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Open Access Highly Accessed Research article

In Silico identification of pathogenic strains of Cronobacter from Biochemical data reveals association of inositol fermentation with pathogenicity

Stephen E Hamby*, Susan Joseph, Stephen J Forsythe and Nadia Chuzhanova

Author Affiliations

School of Science and Technology, Nottingham Trent University, Nottingham, NG11 8NS, UK

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BMC Microbiology 2011, 11:204  doi:10.1186/1471-2180-11-204


The electronic version of this article is the complete one and can be found online at: http://www.biomedcentral.com/1471-2180/11/204


Received:16 March 2011
Accepted:20 September 2011
Published:20 September 2011

© 2011 Hamby et al; licensee BioMed Central Ltd.

This is an Open Access article distributed under the terms of the Creative Commons Attribution License (http://creativecommons.org/licenses/by/2.0), which permits unrestricted use, distribution, and reproduction in any medium, provided the original work is properly cited.

Abstract

Background

Cronobacter, formerly known as Enterobacter sakazakii, is a food-borne pathogen known to cause neonatal meningitis, septicaemia and death. Current diagnostic tests for identification of Cronobacter do not differentiate between species, necessitating time consuming 16S rDNA gene sequencing or multilocus sequence typing (MLST). The organism is ubiquitous, being found in the environment and in a wide range of foods, although there is variation in pathogenicity between Cronobacter isolates and between species. Therefore to be able to differentiate between the pathogenic and non-pathogenic strains is of interest to the food industry and regulators.

Results

Here we report the use of Expectation Maximization clustering to categorise 98 strains of Cronobacter as pathogenic or non-pathogenic based on biochemical test results from standard diagnostic test kits. Pathogenicity of a strain was postulated on the basis of either pathogenic symptoms associated with strain source or corresponding MLST sequence types, allowing the clusters to be labelled as containing either pathogenic or non-pathogenic strains. The resulting clusters gave good differentiation of strains into pathogenic and non-pathogenic groups, corresponding well to isolate source and MLST sequence type. The results also revealed a potential association between pathogenicity and inositol fermentation. An investigation of the genomes of Cronobacter sakazakii and C. turicensis revealed the gene for inositol monophosphatase is associated with putative virulence factors in pathogenic strains of Cronobacter.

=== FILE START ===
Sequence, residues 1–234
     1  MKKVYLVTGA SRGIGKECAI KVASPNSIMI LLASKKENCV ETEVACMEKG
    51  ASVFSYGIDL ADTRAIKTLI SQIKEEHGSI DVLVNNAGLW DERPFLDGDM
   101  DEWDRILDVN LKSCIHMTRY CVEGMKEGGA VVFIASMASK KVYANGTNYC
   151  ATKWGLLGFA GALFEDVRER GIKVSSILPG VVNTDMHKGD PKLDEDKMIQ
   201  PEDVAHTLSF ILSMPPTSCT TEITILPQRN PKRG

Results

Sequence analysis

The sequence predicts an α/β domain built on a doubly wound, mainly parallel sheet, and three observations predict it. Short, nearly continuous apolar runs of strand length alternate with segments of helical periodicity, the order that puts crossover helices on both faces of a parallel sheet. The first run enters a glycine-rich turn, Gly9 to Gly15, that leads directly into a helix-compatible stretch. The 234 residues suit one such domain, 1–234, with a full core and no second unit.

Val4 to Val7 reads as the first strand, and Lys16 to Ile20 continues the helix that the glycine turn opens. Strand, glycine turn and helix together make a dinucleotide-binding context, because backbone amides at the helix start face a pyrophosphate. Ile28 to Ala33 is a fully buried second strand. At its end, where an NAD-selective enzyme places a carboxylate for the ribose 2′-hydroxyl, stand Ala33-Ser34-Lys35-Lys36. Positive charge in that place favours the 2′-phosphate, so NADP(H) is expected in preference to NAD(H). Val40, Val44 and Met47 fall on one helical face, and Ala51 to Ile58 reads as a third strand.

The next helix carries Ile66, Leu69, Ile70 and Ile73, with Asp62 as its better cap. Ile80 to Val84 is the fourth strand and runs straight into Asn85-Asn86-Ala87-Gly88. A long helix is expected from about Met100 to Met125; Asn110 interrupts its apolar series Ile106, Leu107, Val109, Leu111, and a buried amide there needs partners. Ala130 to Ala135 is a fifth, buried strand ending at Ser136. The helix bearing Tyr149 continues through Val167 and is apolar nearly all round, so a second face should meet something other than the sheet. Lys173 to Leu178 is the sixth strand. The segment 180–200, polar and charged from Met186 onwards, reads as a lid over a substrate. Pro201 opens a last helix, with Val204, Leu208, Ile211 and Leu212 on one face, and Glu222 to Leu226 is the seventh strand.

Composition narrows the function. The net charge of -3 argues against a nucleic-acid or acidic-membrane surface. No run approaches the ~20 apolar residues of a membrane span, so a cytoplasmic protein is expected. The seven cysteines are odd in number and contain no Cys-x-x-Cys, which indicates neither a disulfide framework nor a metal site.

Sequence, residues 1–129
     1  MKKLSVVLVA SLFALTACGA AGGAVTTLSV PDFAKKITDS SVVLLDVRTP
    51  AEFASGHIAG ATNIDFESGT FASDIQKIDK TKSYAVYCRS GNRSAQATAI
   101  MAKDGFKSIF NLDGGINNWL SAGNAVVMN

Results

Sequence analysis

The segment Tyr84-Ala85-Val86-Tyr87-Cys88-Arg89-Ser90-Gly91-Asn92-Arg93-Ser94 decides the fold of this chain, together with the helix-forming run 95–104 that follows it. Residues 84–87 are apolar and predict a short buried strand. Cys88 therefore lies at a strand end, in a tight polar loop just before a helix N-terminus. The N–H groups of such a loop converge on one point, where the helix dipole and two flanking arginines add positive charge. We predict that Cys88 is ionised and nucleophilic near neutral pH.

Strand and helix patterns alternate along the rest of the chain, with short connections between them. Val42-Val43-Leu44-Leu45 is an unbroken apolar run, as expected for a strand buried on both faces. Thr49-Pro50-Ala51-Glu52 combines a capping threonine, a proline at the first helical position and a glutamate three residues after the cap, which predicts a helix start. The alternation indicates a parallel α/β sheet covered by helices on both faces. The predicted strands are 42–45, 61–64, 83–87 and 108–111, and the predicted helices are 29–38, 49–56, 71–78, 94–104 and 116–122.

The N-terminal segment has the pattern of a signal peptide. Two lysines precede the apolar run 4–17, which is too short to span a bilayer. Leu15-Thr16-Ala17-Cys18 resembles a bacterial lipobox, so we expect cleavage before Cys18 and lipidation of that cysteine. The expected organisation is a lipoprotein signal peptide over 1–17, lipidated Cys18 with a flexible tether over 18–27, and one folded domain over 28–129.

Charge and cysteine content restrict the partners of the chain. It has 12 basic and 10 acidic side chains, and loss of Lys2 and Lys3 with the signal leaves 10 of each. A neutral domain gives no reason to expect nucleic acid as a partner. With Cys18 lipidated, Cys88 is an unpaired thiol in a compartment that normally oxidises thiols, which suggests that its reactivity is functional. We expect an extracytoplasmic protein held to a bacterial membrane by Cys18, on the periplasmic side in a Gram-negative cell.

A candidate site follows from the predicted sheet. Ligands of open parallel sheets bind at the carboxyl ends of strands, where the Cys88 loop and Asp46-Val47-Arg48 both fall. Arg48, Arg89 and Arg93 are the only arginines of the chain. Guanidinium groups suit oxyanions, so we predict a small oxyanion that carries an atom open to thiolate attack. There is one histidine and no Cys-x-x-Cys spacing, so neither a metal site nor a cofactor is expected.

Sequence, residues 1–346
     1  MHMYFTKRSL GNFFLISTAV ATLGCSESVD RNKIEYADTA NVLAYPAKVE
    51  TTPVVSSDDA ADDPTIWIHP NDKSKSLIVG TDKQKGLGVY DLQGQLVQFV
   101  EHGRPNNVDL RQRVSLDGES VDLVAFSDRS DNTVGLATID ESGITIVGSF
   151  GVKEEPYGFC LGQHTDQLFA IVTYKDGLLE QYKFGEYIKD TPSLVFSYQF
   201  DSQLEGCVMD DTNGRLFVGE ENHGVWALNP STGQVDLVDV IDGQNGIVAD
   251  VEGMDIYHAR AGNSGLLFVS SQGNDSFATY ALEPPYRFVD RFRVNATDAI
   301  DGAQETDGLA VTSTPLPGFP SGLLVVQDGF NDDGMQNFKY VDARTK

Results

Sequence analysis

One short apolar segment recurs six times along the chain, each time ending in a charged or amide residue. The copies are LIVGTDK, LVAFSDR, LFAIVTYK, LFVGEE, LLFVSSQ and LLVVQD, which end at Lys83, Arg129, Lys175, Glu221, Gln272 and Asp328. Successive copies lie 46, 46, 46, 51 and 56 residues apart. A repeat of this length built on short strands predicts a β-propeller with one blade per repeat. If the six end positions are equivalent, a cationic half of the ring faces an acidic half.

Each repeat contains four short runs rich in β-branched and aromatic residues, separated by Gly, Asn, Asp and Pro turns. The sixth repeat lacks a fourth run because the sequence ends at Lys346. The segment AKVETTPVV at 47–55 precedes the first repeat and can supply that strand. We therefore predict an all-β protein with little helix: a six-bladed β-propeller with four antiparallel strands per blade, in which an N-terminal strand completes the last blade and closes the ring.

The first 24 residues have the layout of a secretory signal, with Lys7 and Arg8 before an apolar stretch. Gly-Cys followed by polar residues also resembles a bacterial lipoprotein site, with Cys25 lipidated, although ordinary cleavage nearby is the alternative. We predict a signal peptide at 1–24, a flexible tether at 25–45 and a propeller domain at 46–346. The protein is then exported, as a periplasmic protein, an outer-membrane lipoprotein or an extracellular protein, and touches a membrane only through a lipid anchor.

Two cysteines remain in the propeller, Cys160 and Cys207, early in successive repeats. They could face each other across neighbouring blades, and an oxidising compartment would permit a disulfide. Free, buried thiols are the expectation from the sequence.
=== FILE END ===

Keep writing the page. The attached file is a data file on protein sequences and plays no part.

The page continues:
Conclusions

We demonstrated a computational approach allowing existing diagnostic kits to be used to identify pathogenic strains of Cronobacter. The resulting clusters correlated well with MLST sequence types and revealed new information about the pathogenicity of Cronobacter species.

Background

Cronobacter, formerly known as Enterobacter sakazakii [1], is a bacterial genus containing seven species [2,3] in the family Enterobacteriacae; C. sakazakii, C. malonaticus, C. muytjensii, C. turicensis, C. dublinensis, C. universalis, and C. condimenti. The organism has received a lot of attention recently due to its association with neonatal infections, especially meningitis, necrotizing enterocolitis, septicaemia and subsequent death [4,5]. These bacteria have been isolated from a wide range of food stuffs [6-8], therefore it is important to be able to detect Cronobacter species in food. For this purpose several diagnostic tests exist. However, most of these tests make no distinction as to the species of the bacteria. Not all Cronobacter species are known to be pathogenic to infants and can cause asymptomatic colonisation. The strict microbiological criteria for the presence of Cronobacter in powdered infant formula (< 1 Cronobacter cell/10 g) for intended age < 6 months [9] means it is of great interest to differentiate between pathogenic and non-pathogenic strains. Although a range of possible virulence features (i.e. ompA, adhesins, iron-uptake mechanisms) have been identified in Cronobacter and reviewed elsewhere [10], their presence does not correspond to clinical symptoms. Therefore, the identification of further discriminating factors would be useful. Currently, to differentiate between species, it is necessary to sequence either the 16S RNA subunit [11] or the MLST genes [12]; the latter is required for searching the Cronobacter MLST database [12,13]. There are 178 isolates of Cronobacter recorded in the MLST database [13] at the time of analysis (March 2011). Although it is known that type 4 strains (ST 4) are associated with meningitis [14], neither of the above methods is able to differentiate between pathogenic and non-pathogenic strains, they only identify individual species. Moreover, both methods are time consuming compared with the use of biochemical diagnostic test kits which take 4-18 hours to produce results that can easily be interpreted.

For this reason we aimed to develop methods for identifying which of the strains in the Cronobacter genus are pathogenic based on data obtained from standard biochemical diagnostic tests. These tests were those commonly used to identify Cronobacter isolates and are used in their taxonomic description [2,3,11]. Here we used Expectation Maximization (EM) clustering algorithm to divide the data on the basis of the biochemical test results. Since the precise pathogenic status of most Cronobacter strains is unknown, we considered the resulting clusters as being pathogenic or not on the basis of (a) the source from which the strains were isolated and/or (b) MLST types previously associated with pathogenic or non-pathogenic strains (see Materials and Methods) and reference [14]. The clustering of the biochemical test results was also examined for traits associated with pathogenicity.